"Mycorrhizal hope": Reflections on a pilgrimage to Pocasset Wampanoag land

Gabriel M. Colombo, a member of the Episcopal Chaplaincy at Harvard, was among those who took part in the March 7, 2024, diocesan pilgrimage to Pocasset Wampanoag land and offers this reflection on his experience.

Gabriel Colombo helps lead pilgrimage worship service at St. Peter's Church in Dartmouth. Photo: Jocelyn Collen Gabriel Colombo helps lead the pilgrimage worship service at St. Peter's Church in Dartmouth on March 7.

I am standing under a dark blue umbrella in a clearing at the edge of a wood, and my whole body feels like lead. There is rain, and mud, and a waterlogged fire circle. I find myself with a heavy disquiet in my muscles, a wet cold in my bones.

As others disperse to follow soggy paths, I have neither the desire to move on this land nor a sense of its permission being given to me, so I wait beneath an oak, my boots balanced across the roll of its roots and the mosses nestled there. I don’t think the land is speaking to me in any Romantic or transformative way. It feels indifferent to me, to the stories I tell myself, to the grief I nurse. My prior experiences walking in deserts, fields and forests strike me as a little presumptuous. How do I listen to land when it whispers its mistrust?

After a time, the scattered group trickles back to the waiting buses, and I follow. I sit in silence during the half-hour return trip to the church, watching grey suburban houses and highway interchanges roll by. Whose land is your land? Whose land is “my” land?

Earlier, we glimpse the complexity and tension of the Pocasset Wampanoag’s contemporary life as several tribal leaders welcome us to the reservation, which we must access by traversing a gravel driveway running past a house. While Ellie “Spirit Eagle” Page, the tribal historian, shares remarks and stories on behalf of her husband, Chief Edward “Grey Fox” Page, a woman who we learn lives in that house begins recording video on her smartphone and interrupts, asserting that the group we’ve come to see are “squatters” and that we ought not believe “stories told by a white lady” (Ellie has light skin) before she marches away.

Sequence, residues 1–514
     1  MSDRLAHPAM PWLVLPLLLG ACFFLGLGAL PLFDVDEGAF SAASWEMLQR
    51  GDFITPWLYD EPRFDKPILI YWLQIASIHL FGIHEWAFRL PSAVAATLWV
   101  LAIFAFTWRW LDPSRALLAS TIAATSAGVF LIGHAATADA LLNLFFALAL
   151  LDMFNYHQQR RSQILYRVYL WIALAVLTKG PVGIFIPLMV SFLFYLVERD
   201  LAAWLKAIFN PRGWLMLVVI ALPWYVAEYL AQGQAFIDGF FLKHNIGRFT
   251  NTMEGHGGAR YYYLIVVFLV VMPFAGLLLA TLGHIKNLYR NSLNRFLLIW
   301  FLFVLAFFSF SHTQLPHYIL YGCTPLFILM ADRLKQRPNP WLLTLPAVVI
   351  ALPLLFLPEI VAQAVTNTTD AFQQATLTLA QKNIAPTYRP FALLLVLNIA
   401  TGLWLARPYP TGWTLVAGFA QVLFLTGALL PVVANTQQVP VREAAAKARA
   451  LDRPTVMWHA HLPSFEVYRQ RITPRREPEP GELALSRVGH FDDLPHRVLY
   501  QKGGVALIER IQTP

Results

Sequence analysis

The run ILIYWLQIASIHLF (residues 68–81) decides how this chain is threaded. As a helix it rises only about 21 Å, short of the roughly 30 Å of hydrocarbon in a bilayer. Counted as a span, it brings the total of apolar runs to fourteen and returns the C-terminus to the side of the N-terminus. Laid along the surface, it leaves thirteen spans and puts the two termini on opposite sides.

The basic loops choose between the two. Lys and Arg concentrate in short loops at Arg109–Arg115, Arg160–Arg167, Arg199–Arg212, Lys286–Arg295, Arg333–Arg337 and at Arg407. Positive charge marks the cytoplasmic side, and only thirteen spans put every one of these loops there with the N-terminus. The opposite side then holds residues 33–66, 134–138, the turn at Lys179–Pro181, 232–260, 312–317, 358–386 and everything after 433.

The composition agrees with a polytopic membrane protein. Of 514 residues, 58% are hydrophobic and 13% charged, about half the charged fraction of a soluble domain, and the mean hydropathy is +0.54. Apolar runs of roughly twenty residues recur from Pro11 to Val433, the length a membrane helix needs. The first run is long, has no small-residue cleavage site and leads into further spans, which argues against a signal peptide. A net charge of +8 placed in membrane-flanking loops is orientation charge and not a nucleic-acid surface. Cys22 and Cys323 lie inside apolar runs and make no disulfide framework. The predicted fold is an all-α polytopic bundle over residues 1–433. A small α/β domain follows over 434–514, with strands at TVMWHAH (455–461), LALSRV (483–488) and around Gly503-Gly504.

The episode weighs on me. It raises the specter of the ethical and spiritual minefield that I, personally, as a white man, and we, collectively, as a predominately white church with English heritage, enter any time we attempt to build “right” relationship with individuals and peoples oppressed by whiteness and by our own institution. Trying to do the “right” thing feels like trying to swim upstream in a swift, contaminated river.

When attempting to make sense of this work in its sorrow and delicacy, I often turn to writers like Anna Lowenhaupt Tsing, a Chinese American anthropologist whose book The Mushroom at the End of the World: On the Possibility of Life in Capitalist Ruins uses the example of the rare, valuable matsutake mushroom to explore the “indeterminacy and conditions of precarity, that is, life without the promise of stability” in which we find ourselves. [i]  I think Tsing and her colleagues in the fields of the environmental humanities are charting a course into the dark wood of haunted entanglement that is our social-ecological reality, not trying to skirt around it.

The Pocasset Wampanoag are figuratively and literally pitching tents at the edge of this wood, the semi-permanent trailers in which some of them dwell a living protest. Perhaps in standing with these fellow travelers on the land, even for a moment, we take a small step together in a mycorrhizal hope: not the bright, leafy-green kind painted in the dubious language of “sustainability” but the ashen, rhizomatic kind of our subterranean fungal cousins, of Jesus’s sojourn in the desert and the tomb.

We don’t know exactly where we need to go. We don’t know how to get there. But we know we’re not there, and it seems the only option is to keep taking steps, even if that means standing still and quiet in the rain. In the words of the Muscogee poet Joy Harjo, we “lift [our] attention / For the appearance of the next road … It’s the ancient road the soul knows … It beckons at birth / It carries us home.” [ii]

--Gabriel M. Colombo

[i] Anna Lowenhaupt Tsing, The Mushroom at the End of the World: On the Possibility of Life in Capitalist Ruins (Princeton: Princeton University Press, 2015), 2.

[ii] Joy Harjo, “The Road,” American Sunrise (New York: Norton, 2019), 64.